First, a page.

Note: this article is not medical advice, please consult a doctor if you have specific questions about Diabetes or other medical conditions.

By: Paul Schuchhard, Brussels, Copyright 2016

Finally burnout seems to get the recognition it deserves

January 11th, 2016   •   Blog, Stress and Burnout   •   no comments   

Suddenly Burnout is ‘hot’. Last year, the European Commission (OSHA) published a report calculating the cost of work-related stress and concluded “Stress is the second most frequently reported work-related health problem in Europe.” Work-related health problems refer to (for example) mental health problems, cardiovascular disease, musculoskeletal disorders or diabetes, just to name a few on the list.

The cost in Euros in 2013 was estimated at €617 billion annually, comprising of factors such as absenteeism, health care costs, social welfare costs, and loss of productivity.

That’s kind of a big deal.

Belgium has now become the first country to create a law specifically addressing the prevention of burnout. It says that companies on Belgian soil must offer workers protection against psycho-social risks* (the fancy term used for risk factors affecting Burnout).

Governments such as in the Netherlands are trying to decrease burnout. Success seems far away though: in the Netherlands 1 in 8 workers (link goes to Dutch content) is facing a burnout (In Holland burnout has long been recognized as a work-related illness.)

So what’s missing? Well, often ‘reduction of absenteeism’ seems the common way to measure how “well” an organization is doing. That is a one-dimensional way of looking through the lens. What’s needed is for organizations to embrace mental and physical wellness of their employees in a broader, more long-term way. It should include strategies (from the top down) aimed at healthy ageing, harassment prevention, burnout recovery, integrative nutrition, and stress resilience, [anything else?]. Perhaps we should re-think Work-Life balance to Work-Life balance?

Ironically, at this point in time, the EU Commission that put the issue on the map in June, is now being asked to look at how well they are doing at protecting their own staff against burnout.


*Psychosocial risk is the risk of detriment to a worker’s psychological or physical well-being arising from the interaction between the design and management of work, within the organisational and social context (Cox and Griffiths, 2005).

Mindfulness doesn’t address burnout cause

January 5th, 2016   •   Blog, Stress and Burnout, Uncategorized   •   no comments   

Mindfulness is a great way to learn to relax but it will not necessarily help a person recover from a burnout nor prevent burnout from happening again. So why does mindfulness not solve the underlying cause of a burnout? There are in fact two essential reasons for this.

First of all, burnout is a gradual process that runs its course based on each individual’s belief and behavior patterns. There are some recognizable character traits that are often associated with a higher risk of burnout; such as having perfectionist tendencies, being a conflict avoider, or having the need to be ‘always’ helping other people. If we do not live up to some of these personal expectations about ourselves and our performance, feelings of guilt, failure and self-recrimination start to build up.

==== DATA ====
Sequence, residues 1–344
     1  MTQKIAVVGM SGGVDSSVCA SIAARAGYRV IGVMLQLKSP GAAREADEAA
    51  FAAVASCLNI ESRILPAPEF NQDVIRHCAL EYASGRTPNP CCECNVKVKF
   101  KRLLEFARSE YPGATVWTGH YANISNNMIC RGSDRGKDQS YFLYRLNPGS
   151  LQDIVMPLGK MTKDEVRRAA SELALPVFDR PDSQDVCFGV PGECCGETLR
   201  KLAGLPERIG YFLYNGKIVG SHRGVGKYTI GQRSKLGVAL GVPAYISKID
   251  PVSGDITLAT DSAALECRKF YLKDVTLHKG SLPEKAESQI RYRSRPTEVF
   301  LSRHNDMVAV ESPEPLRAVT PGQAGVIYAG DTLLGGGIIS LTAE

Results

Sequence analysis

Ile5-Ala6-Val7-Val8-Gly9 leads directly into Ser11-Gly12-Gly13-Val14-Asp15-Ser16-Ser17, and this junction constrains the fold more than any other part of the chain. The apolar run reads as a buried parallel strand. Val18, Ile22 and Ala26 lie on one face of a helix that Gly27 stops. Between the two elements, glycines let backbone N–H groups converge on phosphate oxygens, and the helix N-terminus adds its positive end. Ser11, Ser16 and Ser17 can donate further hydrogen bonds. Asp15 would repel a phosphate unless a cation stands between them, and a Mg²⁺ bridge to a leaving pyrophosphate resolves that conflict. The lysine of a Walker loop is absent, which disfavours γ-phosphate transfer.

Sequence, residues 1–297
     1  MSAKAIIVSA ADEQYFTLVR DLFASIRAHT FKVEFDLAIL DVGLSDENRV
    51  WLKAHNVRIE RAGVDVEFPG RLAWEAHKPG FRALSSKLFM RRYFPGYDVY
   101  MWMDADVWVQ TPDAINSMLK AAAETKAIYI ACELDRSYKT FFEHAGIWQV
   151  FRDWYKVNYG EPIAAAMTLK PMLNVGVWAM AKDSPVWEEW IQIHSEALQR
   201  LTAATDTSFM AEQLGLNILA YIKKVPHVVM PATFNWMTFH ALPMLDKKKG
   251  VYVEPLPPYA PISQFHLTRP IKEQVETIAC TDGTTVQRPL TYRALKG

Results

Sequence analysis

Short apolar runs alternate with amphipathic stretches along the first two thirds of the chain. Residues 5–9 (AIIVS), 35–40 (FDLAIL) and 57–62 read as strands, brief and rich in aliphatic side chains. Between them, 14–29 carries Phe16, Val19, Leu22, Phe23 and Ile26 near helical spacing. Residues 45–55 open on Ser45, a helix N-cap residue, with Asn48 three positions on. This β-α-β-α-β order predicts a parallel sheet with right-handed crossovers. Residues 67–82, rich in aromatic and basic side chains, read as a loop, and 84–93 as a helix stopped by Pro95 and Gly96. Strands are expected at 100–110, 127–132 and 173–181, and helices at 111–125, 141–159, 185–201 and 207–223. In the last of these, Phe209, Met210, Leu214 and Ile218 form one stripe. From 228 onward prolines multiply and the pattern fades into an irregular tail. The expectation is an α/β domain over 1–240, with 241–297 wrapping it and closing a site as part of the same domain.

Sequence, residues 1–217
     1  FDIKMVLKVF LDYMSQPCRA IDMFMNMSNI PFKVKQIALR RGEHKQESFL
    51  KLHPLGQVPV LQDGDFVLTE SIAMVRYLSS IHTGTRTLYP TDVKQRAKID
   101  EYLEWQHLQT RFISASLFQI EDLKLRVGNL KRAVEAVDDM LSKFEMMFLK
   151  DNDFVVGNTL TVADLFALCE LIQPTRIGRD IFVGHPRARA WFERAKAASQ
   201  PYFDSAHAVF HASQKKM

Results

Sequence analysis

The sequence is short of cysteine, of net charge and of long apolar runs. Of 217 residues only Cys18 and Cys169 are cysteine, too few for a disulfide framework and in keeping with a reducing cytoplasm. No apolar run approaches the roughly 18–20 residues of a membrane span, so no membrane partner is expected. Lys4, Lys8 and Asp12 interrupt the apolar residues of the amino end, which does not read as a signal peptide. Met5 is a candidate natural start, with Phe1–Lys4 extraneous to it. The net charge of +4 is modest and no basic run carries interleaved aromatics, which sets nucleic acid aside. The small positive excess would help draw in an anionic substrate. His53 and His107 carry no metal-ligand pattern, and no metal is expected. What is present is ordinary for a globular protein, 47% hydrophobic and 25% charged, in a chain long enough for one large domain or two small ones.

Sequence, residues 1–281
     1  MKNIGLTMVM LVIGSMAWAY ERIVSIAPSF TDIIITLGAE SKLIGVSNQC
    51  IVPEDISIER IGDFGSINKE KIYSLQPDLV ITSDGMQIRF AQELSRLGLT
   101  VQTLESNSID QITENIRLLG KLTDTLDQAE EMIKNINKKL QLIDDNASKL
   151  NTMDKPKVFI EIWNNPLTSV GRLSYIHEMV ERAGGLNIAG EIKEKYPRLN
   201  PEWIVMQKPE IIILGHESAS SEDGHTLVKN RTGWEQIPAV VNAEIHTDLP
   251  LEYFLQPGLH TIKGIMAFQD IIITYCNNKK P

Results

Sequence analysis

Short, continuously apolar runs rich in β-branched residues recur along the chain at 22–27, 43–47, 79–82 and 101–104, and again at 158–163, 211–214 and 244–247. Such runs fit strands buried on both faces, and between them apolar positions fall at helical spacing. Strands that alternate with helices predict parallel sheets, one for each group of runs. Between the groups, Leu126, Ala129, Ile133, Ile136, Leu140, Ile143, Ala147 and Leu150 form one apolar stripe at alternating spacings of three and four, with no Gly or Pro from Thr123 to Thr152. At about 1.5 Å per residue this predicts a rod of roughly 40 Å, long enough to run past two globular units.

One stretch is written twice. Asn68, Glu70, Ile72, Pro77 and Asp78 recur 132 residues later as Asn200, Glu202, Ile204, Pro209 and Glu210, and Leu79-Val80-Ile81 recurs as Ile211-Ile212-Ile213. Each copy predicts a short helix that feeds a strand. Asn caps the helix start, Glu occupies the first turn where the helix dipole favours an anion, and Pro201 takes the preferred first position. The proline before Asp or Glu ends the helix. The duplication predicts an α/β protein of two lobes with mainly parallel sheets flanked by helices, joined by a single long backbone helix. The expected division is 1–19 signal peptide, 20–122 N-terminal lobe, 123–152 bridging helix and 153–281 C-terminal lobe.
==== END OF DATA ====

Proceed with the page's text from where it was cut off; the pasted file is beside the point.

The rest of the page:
We start to ignore our energy and recovery boundaries thereby resulting in a chronic state of stress
Mindfulness can ease your stress in the short term, i.e. while you practice it. In such a way, it can contribute to lessening your immediate stress momentarily. What it doesn’t do is to take the heat of the chronic stress off. Mindfulness one of the functional tools used to help prevent a burnout but not necessarily to alleviate it.

Stress is like a teakettle of boiling water on a stove. Mindfulness can add cold water to the boiling water thereby keeping it at a simmer rather than  having it boil over. Burnout treatment focuses on learning how to turn the gas up and down on the stove itself.

The second reason why mindfulness during a burnout may not be the ideal way to deal with the situation at hand is the ‘staying in the moment’ effect. People in a burnout are often dealing with a negative or depressed view of self, others, situations, even life in general. As mindfulness is about ‘staying in the moment’, maybe you can already see where problems can arises. Mindfulness in such a negative state can trigger a situation where too much attention is paid to the negativity that is being experienced in that moment and actually contribute to getting caught in a progressive downward spiral of negative thoughts and emotions. Instead of finding a moment of ‘zen’, feelings of emptiness, helplessness, and apathy can gain a firmer foothold in the belief system thereby actually increasing the symptoms of the burnout itself.

Staying at home and doing nothing for a number of months often has the adverse effect that people start to find it more difficult to go back to work. This often leads to a negative spiral where people risk getting depressed. Burnout treatment needs to focus on physical recovery, cognitive and behavioral changes, and  eventually on teaching people new skills to, hopefully, avoid any relapse. Treatment needs to include assistance for people by helping them  to start resuming work in a  gradual step-by-step plan.

I am not saying that Mindfulness should never be used as a tool in cases of Burnout, but rather, that in these cases, a well-trained and experienced healthcare practitioner should be consulted and the technique used with caution.